Nuclear fusion occurs when two atomic nuclei come close enough for the attraction governed by the strong nuclear force to overcome the electromagnetic repulsion of the positive charges of the individual nuclei. Usually, this requires temperatures and pressures normally found in the cores of stars (i.e. ≈ 15,000,000°K, 15,000 kg/m3). In this scenario, atoms as we know them cease to exist, replaced by a plasma, that is to say a soup of delocalised electrons and nuclei. Here, when two nuclei collide with enough velocity, the two nuclei fuse, releasing a large quantity of energy, because 3He, resulting from the fusion of 2H (deuterium) with 1H (hydrogen), is slightly less massive than the two reactants. By e=mc2, this small change in mass results in a large output of energy, thus making fusion a very desirable source of energy, since this process releases far more than other methods, like nuclear fission, because splitting atoms releases much less energy than fusing them.
In theory, it is possible for regular molecules to fuse at standard temperatures and pressures: covalent bonding keeps the nuclei relatively close together, and their vibrations (caused by the internal energy resulting from their temperature being above absolute zero), on very rare occasions bring the nuclei close enough together to fuse. Recreating and maintaining conditions such as those described before still requires more energy than is gained from the fusions, so this is not yet viable commercially, thus we want another way for the nuclei to come close enough to fuse. So, instead of trying to accelerate the nuclei to extremely high speeds, we can instead replace the electrons in the reactant molecules with muons.
Muons form orbitals in almost exactly the same way as electrons, but muons have a mass ≈200x larger than an electron, so, given the same energy and angular momentum, muons’ orbital radii will be ≈200x closer to the nucleus than in ‘regular’ molecules. (Other characteristics of the atoms would change if they were stable too, like the transition energy (energy required to change the energy level of a given atom) becoming higher, which would shift all the spectral lines of the original atom to higher frequencies. Most things that normally burn with a visible flame would produce ultraviolet light instead, for example.) Now, the same vibrations that were present in the old molecules bring the two nuclei much closer to the point at which the strong force can overcome the electromagnetic repulsion, thereby facilitating fusion much more often. This fact also means that fusion can happen at much lower temperatures, since the nuclei do not need to vibrate much at this proximity to fuse, so such fusion has been observed even close to absolute zero.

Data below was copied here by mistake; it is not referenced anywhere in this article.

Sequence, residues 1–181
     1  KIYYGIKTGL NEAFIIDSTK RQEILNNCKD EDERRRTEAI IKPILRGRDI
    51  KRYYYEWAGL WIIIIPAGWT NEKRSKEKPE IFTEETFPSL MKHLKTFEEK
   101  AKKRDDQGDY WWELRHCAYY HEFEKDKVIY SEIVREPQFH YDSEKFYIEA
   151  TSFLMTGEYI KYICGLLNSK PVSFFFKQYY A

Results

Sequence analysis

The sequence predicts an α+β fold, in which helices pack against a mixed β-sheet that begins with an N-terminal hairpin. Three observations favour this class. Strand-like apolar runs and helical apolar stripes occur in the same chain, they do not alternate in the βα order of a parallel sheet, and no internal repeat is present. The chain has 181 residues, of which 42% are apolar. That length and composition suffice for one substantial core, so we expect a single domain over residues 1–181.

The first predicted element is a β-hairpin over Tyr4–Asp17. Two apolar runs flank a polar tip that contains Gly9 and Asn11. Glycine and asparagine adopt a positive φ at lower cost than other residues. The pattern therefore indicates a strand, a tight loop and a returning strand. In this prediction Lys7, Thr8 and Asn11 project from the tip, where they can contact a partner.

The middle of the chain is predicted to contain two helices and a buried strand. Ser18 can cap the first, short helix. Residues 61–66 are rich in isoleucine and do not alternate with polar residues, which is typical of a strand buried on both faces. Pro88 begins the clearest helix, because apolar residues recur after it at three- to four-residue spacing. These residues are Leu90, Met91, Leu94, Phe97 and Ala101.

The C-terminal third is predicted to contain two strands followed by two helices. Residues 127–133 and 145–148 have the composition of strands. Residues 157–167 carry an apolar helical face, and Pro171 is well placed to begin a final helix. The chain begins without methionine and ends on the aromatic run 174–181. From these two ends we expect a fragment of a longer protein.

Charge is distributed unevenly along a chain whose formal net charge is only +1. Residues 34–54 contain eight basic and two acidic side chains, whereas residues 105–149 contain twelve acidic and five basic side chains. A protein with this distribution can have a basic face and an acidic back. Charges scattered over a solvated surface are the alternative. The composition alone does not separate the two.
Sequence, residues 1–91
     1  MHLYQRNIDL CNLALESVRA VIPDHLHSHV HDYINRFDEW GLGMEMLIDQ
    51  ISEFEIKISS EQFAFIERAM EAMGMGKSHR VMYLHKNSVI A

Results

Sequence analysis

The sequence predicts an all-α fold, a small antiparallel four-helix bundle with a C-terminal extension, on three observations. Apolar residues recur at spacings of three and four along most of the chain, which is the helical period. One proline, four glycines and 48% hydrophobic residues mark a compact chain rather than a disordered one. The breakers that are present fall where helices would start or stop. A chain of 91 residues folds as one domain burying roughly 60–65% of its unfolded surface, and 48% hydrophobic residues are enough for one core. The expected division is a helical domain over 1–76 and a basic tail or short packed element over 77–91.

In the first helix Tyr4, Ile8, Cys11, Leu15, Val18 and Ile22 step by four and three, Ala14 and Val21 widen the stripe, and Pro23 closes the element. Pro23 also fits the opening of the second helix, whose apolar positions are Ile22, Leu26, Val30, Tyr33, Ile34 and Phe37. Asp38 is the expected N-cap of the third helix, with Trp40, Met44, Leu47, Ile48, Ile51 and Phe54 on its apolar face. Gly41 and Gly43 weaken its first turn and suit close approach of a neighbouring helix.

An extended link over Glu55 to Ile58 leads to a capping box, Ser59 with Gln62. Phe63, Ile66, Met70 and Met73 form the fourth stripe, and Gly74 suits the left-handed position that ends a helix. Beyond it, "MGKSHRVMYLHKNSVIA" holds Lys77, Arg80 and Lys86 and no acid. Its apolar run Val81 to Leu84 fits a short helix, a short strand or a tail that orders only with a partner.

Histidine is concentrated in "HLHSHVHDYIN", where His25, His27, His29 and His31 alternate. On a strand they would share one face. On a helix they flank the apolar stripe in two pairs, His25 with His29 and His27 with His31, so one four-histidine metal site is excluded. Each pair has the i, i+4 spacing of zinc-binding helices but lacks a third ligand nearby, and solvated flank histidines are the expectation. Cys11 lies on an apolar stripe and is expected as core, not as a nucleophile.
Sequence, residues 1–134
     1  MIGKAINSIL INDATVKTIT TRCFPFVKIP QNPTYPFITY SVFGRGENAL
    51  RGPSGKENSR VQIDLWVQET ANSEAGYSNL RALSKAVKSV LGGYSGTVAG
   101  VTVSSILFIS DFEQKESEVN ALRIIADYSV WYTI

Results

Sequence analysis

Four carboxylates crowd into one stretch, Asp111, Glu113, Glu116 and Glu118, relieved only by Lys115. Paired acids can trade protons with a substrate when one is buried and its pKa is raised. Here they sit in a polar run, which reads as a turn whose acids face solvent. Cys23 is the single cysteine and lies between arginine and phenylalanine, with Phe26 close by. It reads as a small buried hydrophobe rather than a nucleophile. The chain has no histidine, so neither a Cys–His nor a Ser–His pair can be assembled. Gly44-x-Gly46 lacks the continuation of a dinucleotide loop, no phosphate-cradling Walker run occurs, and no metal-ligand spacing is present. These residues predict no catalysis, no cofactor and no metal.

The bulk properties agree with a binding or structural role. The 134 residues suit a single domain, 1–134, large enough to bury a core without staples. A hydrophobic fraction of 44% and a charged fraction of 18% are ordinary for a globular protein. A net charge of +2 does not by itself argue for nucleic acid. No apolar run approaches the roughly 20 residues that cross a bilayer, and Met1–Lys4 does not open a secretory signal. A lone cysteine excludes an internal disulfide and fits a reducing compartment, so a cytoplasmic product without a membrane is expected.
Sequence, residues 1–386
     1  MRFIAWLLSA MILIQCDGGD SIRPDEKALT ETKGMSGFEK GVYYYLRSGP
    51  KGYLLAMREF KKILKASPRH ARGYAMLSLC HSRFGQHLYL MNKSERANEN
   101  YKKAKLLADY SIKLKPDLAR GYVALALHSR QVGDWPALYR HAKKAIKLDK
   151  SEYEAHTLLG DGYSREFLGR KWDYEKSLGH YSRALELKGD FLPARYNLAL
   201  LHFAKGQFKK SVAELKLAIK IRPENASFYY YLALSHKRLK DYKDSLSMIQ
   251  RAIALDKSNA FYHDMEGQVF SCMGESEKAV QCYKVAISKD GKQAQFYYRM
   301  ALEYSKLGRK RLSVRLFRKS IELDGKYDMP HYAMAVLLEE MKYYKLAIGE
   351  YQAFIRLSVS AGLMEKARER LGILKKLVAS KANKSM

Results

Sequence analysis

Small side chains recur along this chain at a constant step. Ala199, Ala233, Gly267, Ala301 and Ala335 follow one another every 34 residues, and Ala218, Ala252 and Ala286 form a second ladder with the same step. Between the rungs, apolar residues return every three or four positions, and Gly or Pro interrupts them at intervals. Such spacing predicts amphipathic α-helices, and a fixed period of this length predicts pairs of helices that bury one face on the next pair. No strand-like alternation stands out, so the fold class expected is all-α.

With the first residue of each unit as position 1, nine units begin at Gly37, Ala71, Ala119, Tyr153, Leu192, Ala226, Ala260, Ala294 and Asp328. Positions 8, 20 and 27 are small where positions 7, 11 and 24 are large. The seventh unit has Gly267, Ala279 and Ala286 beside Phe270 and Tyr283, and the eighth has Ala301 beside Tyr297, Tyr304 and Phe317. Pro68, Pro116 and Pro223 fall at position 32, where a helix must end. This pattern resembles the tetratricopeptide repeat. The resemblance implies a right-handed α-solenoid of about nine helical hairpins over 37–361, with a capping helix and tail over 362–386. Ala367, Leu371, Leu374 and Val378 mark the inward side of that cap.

This begs an obvious question: why aren’t we using muon-catalysed fusion to power modern civilisation? To begin with, muons are not at all abundant naturally, so the only way to generate a reliable supply of muons is by using a particle accelerator. However, this again requires a lot of energy, about -5GeV/muon. Muons are also easily distracted, that is to say they decay in 2×10-6 seconds (by μ–→e–+νμ+νe). Luckily, we don’t need a muon for every single reaction, since after one fusion takes place, the muon can move onto another atom, replacing electrons there (in the short time in which it has not decayed). However, muons can sometimes become stuck to a fused atom, and therefore cannot facilitate any further fusions. So, most muons facilitate ≈150 fusion reactions before they either become ‘stuck’, or decay as above, and each fusion reaction described above releases around 18MeV. This gives us:
150×18 MeV=2.7 GeV
This is, in fact, a maximum value, as 1H+1H, 2H+2H, etc. release less energy than this. So even in a best-case scenario, we are only just over half-way to breaking even, since we make a net loss of 2.3GeV overall. This doesn’t even begin to consider that in order to make this commercially viable, we would need a surplus in the region of 10-20GeV…
Is there any hope for cold fusion? For the moment, the limiting factors on net production of energy by this method are the cost of making the muons in the first place, coupled with the relative inefficiency of the muons as they become stuck to fused atoms. So, we either need a method to make muons at a lower cost of energy, ideally somewhere closer to -3GeV or -2GeV, to figure out how to stop as many muons getting stuck to the 4He atoms, or, indeed, how to ‘unstick’ them once they’re stuck. The first might be a little more of an engineering issue, although all three stray very close to theoretical limits, so are, in fact, rather challenging ‘engineering issues’. In short, cold fusion exists, but won’t be powering the world anytime soon.
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